The strongest GWAS signal was observed in a set of five SNPs located in 4q25, and this finding refines and extends the earlier report of linkage peak at D4S1564 (MLS = 3.65, p = 0.044; 108,376,510-108,376,856 bp) based on 137 sibships selected for longevity (Puca et al., 2001). These SNPs are located between the DKK2 and PAPSS1 genes, but one of the SNP localizes to DKK2. Because of limited work done on these genes, their role in cellular aging is unclear. The DKK2 gene is believed to be involved in embryonic development, and interacts with LDL-receptor related protein 6 (LDL6). Based on biological similarity, it may be involved in bone diseases, cancer and Alzheimer disease in adults (Magrane and Consortium, 2011). The PAPSS1 gene encodes a trypsinogen that is a member of the trypsin family of serine proteases. Mutations in this gene are associated with hereditary pancreatitis. To date, however, both genes have not been implicated in common diseases in humans.
TRDMT1, Homo sapiens tRNA aspartic acid methyltransferase 1, on 10p13, is involved in DNA methylation. Because of its role in methylation, Halaschek-Wiener et al. (2009) considered it to be a candidate gene for healthy aging and sequenced 47 individuals who survive to age 85 or older without any major age-related diseases. This exploratory study observed that TRDMT1 and SIRT3 had the highest frequency of variants; however, the role of TRDMT1 in aging is unclear because allele frequencies for SNPs in this gene were not compared to those in controls. Another candidate gene, SYT16 on 14q23.2 from the GWAS, was reported to be involved in trafficking and exocytosis of secretory vesicles in non-neuronal tissues. Mosing et al. (2010) reported that one of the SNPs in the gene was associated with self-rated health.
Our genome wide linkage analysis revealed several genes that would have been missed by the GWAS, had we restricted our analysis to genes that meet the strict genome wide significance threshold. Genome wide linkage analysis followed by gene-wise association analysis identified CEP95 (Centrosomal protein 95 kDa) and SMURF2 (SMAD specific E3 ubiquitin protein ligase 2) as promising candidate genes. SMURF2 is shown to be involved in regulation of neuronal and cell polarity, induction of cellular senescence, and tumor suppression (Blank et al., 2012), suggesting its potential role in cellular aging. On the other hand, very little is known about CEP95. However the shared haplotype encompassing these two genes is a strong candidate region for sequencing. In addition, KCNH6 (potassium voltage-gated channel, subfamily H (Ether-A-Go-Go-Related), member 6) belongs to a class of voltage-gated ion channels and is believed to be involved in regulating release of neurotransmitters, controlling heart rate, secretion of insulin, neuronal excitability, etc. (http://genecards.org).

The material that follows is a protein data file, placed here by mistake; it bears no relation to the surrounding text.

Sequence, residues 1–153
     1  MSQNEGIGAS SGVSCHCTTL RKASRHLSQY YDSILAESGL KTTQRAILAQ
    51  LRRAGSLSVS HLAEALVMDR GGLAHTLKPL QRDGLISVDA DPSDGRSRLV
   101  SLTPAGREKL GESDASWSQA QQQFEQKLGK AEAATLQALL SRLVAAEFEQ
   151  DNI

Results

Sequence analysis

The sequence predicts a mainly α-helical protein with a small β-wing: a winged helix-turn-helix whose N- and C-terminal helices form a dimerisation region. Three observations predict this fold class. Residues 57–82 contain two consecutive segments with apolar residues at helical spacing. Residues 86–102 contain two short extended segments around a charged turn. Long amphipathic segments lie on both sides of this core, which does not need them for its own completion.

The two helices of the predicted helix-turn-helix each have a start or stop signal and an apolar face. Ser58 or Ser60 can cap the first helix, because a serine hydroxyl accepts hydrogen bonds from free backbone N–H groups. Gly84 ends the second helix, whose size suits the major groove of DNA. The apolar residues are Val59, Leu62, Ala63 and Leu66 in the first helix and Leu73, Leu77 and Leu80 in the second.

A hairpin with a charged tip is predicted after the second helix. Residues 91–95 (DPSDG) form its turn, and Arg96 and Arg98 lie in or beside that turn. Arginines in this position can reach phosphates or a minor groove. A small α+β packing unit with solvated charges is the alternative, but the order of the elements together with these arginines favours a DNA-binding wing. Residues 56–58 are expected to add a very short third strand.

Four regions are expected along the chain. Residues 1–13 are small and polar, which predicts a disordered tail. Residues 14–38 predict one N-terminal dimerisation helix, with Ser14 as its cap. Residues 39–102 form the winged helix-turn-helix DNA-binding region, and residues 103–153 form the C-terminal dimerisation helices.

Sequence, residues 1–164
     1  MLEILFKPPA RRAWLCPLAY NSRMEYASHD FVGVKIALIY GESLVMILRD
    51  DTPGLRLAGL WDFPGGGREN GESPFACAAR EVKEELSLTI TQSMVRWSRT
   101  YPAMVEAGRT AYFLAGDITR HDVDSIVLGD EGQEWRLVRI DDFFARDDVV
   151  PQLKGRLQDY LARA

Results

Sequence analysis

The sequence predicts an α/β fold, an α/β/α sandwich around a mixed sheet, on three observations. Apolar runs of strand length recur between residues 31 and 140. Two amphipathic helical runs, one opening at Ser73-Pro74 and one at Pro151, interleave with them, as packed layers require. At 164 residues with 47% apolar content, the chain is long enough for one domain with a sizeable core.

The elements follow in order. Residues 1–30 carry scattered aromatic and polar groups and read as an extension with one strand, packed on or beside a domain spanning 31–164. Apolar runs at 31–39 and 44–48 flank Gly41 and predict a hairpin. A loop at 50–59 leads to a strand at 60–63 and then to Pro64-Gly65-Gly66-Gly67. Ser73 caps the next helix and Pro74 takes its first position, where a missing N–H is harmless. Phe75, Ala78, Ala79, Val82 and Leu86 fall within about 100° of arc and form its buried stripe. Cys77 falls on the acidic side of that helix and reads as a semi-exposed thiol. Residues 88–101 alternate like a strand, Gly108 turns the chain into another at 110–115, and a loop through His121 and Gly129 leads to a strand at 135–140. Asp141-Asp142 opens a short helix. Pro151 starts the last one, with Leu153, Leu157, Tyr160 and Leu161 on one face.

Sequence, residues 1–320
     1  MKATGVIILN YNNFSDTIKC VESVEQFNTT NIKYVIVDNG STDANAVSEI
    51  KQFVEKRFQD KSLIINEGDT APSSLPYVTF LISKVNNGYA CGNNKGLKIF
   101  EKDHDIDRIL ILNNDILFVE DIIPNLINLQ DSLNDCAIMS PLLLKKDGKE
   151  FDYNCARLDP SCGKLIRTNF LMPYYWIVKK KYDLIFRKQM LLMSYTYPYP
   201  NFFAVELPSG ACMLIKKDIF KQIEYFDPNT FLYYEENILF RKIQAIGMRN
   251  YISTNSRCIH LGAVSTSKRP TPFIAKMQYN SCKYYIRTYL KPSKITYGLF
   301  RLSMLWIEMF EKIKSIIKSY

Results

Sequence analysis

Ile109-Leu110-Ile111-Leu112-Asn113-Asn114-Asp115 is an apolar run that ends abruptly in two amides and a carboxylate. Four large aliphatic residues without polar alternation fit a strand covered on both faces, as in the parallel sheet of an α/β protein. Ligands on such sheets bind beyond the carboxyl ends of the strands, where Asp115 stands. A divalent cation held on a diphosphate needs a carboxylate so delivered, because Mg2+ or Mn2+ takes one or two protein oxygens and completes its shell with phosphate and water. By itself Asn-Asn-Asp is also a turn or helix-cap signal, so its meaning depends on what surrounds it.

Among several genes on 10q11.21 that showed significant gene-wise association, including RASGEF1A, HNRNPF, ANF487, CSTF2T, and PRKG1, HNRNPF and PRKG1 are candidate genes of interest. HNRNPF is involved in multiple regulatory pathways, and it has been associated with late onset Alzheimer disease, (Grupe et al., 2006) modulate neuronal viability (Boucher et al., 2002), and is also reported to be associated with cancers. PRKG1 regulates cellular platelet activation and adhesion, contraction of smooth muscles, cardiac function, and other processes involved in several functions association with central nervous system function, such as axon guidance, hippocampal and cerebellar learning, etc. These genes may be biologically relevant to healthy aging, requiring further examination.
The present study confirmed the genes that were previously reported to be associated with leukocyte telomere length (Vasa-Nicotera et al., 2005; Andrew et al., 2006; Mangino et al., 2009; Codd et al., 2010; Levy et al., 2010; Mangino et al., 2012). Specifically, we found at least one SNP in TERC, ARPM1, MYNN, OBFC1, and ZNF729 to be nominally associated with variation in leukocyte telomere length; however, TERC, MYNN, and OBFC1 were significantly associated with leukocyte telomere length based on a permutation test at the gene-wise level. Moreover, MYNN was significant at experiment-wise level. For these genes, different variants were significantly associated with leukocyte telomere length, except for MYNN, where rs1317082 (p = 0.000372) (Mangino et al., 2012) was previously reported.